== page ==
A “soft” arrangement, on the other hand, would keep in place the country’s role in the European single market, meaning goods and services could still be traded tariff-free. As such, the U.K. would need to adhere to some basic rules involving the movement of goods, capital and people. Other European countries with similar arrangements include Iceland, Norway and Liechtenstein.

A piece in the Financial Times makes it clear that it’s this latter arrangement, the “soft” exit, that’s highly favored by British businesses of all sizes and from every sector. To be able to trade freely across borders without tariffs or other barriers, and to be able to hire skilled workers from the continent, would ensure that U.K. companies could remain competitive.

At this point, it’s really too early to tell which direction the two parties might take, but May’s crippling setback earlier this month will undoubtedly have a significant impact.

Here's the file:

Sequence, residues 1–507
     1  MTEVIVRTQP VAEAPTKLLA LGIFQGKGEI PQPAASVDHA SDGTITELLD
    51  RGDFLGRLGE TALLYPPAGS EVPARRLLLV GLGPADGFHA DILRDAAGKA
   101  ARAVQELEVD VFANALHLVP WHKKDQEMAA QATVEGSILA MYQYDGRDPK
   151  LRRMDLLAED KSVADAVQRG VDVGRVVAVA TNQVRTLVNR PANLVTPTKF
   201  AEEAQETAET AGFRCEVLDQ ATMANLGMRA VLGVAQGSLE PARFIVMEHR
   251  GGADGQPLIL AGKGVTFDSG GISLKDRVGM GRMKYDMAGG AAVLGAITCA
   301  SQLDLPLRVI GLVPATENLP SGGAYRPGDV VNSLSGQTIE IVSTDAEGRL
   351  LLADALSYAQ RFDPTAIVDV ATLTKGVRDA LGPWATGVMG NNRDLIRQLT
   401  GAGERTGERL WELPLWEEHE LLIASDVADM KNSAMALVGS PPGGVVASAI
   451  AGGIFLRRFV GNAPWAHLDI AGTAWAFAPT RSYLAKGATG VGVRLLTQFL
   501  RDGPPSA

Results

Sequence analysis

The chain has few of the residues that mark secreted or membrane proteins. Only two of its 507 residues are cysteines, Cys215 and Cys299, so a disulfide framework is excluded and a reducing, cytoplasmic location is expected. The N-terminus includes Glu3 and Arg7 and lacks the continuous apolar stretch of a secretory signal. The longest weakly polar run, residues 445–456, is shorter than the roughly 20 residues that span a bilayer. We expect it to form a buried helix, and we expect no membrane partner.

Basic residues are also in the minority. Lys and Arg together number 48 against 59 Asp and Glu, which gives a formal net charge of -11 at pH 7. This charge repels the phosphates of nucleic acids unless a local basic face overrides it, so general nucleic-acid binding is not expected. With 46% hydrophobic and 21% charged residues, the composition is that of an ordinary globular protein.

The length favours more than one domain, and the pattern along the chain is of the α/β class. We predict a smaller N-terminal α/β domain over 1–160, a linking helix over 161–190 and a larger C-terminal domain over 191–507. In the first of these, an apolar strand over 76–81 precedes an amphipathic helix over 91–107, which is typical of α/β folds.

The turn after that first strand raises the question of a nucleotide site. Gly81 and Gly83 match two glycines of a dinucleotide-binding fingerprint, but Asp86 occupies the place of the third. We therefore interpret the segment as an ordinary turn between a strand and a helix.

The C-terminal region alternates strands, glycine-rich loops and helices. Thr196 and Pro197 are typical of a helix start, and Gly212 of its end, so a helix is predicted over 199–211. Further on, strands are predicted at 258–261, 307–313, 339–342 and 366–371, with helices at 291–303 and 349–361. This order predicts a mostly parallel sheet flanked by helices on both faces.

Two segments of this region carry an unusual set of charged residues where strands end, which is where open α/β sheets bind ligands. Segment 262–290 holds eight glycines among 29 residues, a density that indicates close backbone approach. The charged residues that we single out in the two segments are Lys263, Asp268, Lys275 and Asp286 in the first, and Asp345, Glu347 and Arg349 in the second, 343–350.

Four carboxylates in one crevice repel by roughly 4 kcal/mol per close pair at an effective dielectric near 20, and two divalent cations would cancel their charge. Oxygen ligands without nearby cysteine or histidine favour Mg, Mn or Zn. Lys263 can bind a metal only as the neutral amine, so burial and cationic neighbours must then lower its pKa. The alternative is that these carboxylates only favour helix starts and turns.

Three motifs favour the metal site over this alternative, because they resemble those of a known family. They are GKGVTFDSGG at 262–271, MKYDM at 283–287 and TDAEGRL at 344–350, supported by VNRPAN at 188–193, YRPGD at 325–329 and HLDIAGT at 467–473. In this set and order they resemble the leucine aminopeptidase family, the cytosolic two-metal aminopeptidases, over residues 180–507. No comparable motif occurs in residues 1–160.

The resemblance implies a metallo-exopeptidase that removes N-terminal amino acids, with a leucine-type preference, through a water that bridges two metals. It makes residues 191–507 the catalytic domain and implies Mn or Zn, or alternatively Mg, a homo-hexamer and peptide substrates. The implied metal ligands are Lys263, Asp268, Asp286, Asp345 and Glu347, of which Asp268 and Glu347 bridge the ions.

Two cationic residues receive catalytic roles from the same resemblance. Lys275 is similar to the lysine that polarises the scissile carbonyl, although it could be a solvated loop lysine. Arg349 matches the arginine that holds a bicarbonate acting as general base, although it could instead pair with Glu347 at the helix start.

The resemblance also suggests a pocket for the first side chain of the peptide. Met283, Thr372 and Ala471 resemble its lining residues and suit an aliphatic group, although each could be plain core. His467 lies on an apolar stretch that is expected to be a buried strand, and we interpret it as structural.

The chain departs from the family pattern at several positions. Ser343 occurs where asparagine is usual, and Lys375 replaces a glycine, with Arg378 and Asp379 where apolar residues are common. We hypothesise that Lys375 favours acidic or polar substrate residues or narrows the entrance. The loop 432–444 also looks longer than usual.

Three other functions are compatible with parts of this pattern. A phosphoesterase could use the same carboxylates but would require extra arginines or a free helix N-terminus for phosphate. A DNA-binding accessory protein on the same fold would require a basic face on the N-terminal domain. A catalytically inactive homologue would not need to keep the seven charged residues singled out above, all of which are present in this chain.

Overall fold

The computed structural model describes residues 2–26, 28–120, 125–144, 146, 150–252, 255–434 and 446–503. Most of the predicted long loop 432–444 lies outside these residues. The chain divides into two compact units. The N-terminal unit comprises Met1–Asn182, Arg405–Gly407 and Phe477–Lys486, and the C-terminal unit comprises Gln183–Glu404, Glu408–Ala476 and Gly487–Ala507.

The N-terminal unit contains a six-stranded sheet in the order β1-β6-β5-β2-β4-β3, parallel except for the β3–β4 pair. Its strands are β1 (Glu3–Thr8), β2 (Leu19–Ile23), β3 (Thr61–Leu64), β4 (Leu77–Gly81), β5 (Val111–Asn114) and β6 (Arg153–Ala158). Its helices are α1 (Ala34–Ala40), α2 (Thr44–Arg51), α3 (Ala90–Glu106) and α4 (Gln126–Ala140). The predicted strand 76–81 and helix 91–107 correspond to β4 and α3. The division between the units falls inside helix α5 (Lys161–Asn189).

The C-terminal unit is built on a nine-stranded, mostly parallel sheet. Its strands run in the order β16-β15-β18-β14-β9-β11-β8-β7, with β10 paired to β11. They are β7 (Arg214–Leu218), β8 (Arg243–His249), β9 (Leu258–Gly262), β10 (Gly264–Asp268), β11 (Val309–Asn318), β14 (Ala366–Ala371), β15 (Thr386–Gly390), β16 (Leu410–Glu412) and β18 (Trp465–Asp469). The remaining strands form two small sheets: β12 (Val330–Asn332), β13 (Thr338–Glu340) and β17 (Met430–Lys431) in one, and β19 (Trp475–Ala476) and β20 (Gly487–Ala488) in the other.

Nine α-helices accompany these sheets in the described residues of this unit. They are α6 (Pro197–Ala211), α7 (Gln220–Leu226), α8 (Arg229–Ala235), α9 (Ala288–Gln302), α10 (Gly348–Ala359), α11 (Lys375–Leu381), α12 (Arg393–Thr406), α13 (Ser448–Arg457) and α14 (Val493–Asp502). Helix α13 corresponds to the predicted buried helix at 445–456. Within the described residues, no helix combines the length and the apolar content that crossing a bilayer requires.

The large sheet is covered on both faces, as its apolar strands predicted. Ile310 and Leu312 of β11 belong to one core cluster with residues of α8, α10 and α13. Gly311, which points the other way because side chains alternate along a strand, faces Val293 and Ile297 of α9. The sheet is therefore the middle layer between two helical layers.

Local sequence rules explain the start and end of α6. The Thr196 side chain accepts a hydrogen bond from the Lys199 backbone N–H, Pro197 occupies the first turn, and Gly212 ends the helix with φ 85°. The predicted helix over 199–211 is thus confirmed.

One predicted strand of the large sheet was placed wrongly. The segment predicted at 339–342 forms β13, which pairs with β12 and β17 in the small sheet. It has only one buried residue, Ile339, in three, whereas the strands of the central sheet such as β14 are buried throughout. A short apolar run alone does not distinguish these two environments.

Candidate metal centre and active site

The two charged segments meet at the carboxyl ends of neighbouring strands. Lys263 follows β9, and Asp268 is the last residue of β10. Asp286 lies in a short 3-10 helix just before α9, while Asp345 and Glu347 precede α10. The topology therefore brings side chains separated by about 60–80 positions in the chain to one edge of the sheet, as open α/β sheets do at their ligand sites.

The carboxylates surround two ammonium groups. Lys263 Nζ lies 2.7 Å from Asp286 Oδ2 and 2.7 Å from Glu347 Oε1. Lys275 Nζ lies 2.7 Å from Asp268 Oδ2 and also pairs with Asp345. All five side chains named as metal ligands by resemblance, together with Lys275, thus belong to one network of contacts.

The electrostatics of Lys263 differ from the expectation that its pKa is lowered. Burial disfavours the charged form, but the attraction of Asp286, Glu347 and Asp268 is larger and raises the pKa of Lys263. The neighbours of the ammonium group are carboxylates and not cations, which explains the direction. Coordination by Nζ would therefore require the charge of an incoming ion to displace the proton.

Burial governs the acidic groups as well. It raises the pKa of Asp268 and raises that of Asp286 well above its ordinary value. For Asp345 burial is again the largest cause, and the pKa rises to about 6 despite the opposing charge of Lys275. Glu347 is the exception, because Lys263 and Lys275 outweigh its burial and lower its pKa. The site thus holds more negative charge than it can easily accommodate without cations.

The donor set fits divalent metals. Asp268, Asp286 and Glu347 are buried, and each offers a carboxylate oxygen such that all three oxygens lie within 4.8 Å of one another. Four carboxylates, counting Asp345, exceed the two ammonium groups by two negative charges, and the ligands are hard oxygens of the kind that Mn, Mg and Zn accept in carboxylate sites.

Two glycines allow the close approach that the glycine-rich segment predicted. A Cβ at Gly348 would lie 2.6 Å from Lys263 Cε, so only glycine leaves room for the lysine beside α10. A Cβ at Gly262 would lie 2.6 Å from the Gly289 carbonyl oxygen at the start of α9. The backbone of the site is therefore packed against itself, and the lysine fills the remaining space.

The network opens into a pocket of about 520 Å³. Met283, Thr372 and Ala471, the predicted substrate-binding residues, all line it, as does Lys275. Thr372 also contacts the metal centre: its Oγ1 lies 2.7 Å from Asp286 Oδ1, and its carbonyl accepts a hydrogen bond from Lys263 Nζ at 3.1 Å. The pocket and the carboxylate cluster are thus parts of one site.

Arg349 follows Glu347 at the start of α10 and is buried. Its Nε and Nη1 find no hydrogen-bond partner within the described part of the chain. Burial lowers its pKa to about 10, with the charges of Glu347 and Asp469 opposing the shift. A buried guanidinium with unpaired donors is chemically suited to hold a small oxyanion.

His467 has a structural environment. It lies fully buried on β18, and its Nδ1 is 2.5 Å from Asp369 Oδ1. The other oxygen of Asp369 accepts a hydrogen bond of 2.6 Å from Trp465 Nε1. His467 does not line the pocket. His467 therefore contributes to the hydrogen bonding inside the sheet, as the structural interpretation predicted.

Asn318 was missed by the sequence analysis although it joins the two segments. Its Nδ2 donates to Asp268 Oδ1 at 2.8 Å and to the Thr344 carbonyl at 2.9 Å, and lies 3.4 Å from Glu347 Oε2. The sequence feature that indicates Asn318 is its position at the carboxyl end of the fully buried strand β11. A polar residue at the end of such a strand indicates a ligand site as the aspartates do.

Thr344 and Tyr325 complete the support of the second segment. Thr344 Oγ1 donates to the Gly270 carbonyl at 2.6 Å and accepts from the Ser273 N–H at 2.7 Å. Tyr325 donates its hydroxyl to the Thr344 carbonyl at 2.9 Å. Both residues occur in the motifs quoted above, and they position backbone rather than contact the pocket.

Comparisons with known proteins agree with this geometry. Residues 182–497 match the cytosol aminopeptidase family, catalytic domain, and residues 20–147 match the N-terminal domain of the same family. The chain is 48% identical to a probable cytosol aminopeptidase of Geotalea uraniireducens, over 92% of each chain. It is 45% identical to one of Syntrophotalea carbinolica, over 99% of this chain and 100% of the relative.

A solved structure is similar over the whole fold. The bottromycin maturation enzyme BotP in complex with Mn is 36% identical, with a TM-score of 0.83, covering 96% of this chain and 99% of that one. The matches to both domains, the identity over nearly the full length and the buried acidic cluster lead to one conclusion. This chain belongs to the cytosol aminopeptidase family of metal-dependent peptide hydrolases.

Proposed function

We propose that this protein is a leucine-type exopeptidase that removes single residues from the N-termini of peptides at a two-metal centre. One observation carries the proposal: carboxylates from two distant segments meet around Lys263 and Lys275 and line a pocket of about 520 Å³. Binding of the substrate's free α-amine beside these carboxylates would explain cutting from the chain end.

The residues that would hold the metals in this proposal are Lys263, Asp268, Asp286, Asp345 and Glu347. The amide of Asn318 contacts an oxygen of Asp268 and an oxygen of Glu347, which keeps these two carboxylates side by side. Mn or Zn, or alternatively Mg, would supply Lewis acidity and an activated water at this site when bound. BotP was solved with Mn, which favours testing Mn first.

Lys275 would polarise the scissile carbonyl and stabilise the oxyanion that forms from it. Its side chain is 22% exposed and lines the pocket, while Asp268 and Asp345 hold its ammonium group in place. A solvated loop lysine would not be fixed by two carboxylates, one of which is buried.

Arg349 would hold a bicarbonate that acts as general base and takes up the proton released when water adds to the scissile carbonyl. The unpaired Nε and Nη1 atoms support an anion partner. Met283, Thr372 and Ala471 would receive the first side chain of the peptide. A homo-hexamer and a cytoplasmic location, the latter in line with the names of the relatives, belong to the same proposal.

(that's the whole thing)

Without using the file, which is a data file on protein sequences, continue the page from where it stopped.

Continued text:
Below are five charts that illustrate where the U.K. has been in the 12 months following Brexit, both the good and bad—and where it could be headed next.  

1. Stocks Head Higher

The benchmark British index, the FTSE 100 Index, has performed relatively well since last year’s referendum, despite skeptics’ pessimistic attitudes. Stocks have risen about 18 percent, even though they’ve trailed the Euro Stoxx 50, which has likely benefited from the euro’s rally since the start of the year.

eurozone stocks have outperformed british stocks following brexit
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Working in the FTSE 100’s favor is the weaker British pound, which has contracted 13.5 percent against the U.S. dollar as of today. A weaker national currency gives exporters a more competitive advantage and helps boost corporate earnings.